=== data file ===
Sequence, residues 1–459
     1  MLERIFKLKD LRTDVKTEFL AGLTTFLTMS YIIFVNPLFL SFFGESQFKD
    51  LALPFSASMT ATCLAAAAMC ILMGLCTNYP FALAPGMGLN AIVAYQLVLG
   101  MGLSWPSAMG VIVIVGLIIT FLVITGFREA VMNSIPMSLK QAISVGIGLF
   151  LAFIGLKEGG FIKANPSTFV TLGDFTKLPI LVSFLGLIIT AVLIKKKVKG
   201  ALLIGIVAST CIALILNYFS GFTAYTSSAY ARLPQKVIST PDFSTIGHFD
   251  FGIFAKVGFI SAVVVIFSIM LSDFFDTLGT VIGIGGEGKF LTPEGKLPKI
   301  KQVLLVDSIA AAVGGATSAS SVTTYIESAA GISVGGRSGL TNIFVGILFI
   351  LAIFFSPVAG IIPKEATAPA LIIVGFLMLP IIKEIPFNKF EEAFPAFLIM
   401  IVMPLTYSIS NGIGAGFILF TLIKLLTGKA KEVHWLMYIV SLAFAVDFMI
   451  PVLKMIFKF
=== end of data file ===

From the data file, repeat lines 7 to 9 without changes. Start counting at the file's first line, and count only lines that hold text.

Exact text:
   251  FGIFAKVGFI SAVVVIFSIM LSDFFDTLGT VIGIGGEGKF LTPEGKLPKI
   301  KQVLLVDSIA AAVGGATSAS SVTTYIESAA GISVGGRSGL TNIFVGILFI
   351  LAIFFSPVAG IIPKEATAPA LIIVGFLMLP IIKEIPFNKF EEAFPAFLIM